Despite this last-minute hitch, the remainder of the Paris Rulebook was approved by the conference. This outstanding issue will be taken up this year by negotiators, with a view to reaching a final agreement at the next COP, scheduled for early 2021 in Chile.
It was not only Article 6 that caused problems at the talks. The conference was also tasked with receiving a report from the intergovernmental Panel on Climate Change that outlined the climate effects of keeping global temperature increases to 1.5°C above pre-industrial levels.
A proposal to "welcome" the report — which implies acceptance of its conclusions and a willingness to be guided by them — met with stiff resistance from a small group of countries: the US, Russia, Saudi Arabia and Kuwait. These parties instead proposed that the conference "take note" of the report, which implies no such positive endorsement.
Eventually the conference adopted conclusions expressing its "gratitude and appreciation" to the IPCC and "inviting Parties to make use" of the report. The unexpected intervention on a matter that was regarded as uncontroversial was seen as a symptom of wider political developments, including a growing resistance to climate action from some of the parties.
Accessing carbon markets
The outcome of the Katowice summit is that nations now have a system under which they can submit their climate plans, guidelines covering what information should be included, a schedule for reviewing and increasing global ambition, and a system to track and review climate finance to developing and vulnerable nations.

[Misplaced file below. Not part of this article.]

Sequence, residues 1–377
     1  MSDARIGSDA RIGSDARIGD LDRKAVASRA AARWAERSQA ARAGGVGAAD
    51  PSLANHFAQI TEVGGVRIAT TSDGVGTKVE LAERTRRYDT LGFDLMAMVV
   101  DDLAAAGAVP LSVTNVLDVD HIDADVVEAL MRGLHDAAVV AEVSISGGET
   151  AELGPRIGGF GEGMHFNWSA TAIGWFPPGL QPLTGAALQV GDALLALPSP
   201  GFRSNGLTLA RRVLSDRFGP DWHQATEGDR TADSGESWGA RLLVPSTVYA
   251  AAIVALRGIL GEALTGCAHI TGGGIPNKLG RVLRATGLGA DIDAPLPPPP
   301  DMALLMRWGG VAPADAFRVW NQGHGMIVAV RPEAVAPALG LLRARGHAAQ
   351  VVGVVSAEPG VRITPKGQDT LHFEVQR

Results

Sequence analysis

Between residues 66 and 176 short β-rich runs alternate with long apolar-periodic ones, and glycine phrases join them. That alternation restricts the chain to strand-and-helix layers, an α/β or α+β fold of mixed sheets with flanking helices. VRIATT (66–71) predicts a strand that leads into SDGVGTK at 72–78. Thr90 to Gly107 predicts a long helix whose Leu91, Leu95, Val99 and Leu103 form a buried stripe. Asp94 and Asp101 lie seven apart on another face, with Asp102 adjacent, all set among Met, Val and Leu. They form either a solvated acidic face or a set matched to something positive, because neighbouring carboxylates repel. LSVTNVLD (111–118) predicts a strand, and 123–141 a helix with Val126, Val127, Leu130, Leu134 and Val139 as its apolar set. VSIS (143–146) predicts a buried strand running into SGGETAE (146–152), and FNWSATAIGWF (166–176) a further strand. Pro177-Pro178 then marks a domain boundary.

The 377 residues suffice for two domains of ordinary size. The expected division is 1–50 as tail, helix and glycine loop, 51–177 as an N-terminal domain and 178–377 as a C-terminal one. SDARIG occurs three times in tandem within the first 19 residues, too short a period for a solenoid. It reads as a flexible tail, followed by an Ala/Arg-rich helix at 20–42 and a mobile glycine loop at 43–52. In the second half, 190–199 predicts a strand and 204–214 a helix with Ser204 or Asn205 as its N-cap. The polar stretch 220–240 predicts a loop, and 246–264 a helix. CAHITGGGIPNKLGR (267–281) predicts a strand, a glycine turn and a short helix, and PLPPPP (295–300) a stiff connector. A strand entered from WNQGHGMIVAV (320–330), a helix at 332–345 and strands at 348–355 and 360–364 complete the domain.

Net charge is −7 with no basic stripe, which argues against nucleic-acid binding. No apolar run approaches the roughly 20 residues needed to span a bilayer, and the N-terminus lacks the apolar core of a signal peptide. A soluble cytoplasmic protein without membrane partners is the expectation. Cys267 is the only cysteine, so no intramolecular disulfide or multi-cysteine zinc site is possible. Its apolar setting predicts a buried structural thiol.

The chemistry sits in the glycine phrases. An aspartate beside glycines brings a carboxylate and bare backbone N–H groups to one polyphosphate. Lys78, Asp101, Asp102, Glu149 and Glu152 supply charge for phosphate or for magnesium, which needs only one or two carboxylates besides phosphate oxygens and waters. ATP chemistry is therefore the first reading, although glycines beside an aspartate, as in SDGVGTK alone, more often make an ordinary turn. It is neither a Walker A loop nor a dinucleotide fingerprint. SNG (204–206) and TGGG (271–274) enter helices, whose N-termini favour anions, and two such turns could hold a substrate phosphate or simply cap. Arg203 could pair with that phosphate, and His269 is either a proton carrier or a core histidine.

This "rulebook" opens the way for countries to improve, upgrade and confirm their NDCs in time for 2020. These commitments are the trigger for a wave of investment in low-carbon energy, but it will require a market mechanism to add the incentive for private capital to exploit the opportunities.
In their draft NDCs, most of which were published in the run-up to the Paris conference in 2015, more than 40pc of countries said they planned to access international carbon markets to help them achieve their targets. The vast majority of these are developing countries, for whom carbon markets represent an additional source of project finance.
The coming 12 months will see negotiators focus on the issue of market mechanisms, and this is likely to lead to a hardening of positions at first. But the incentive for countries to reach agreement is very powerful, since investment plans are unlikely to be developed until the entire landscape of the Paris Rulebook is clearly laid out.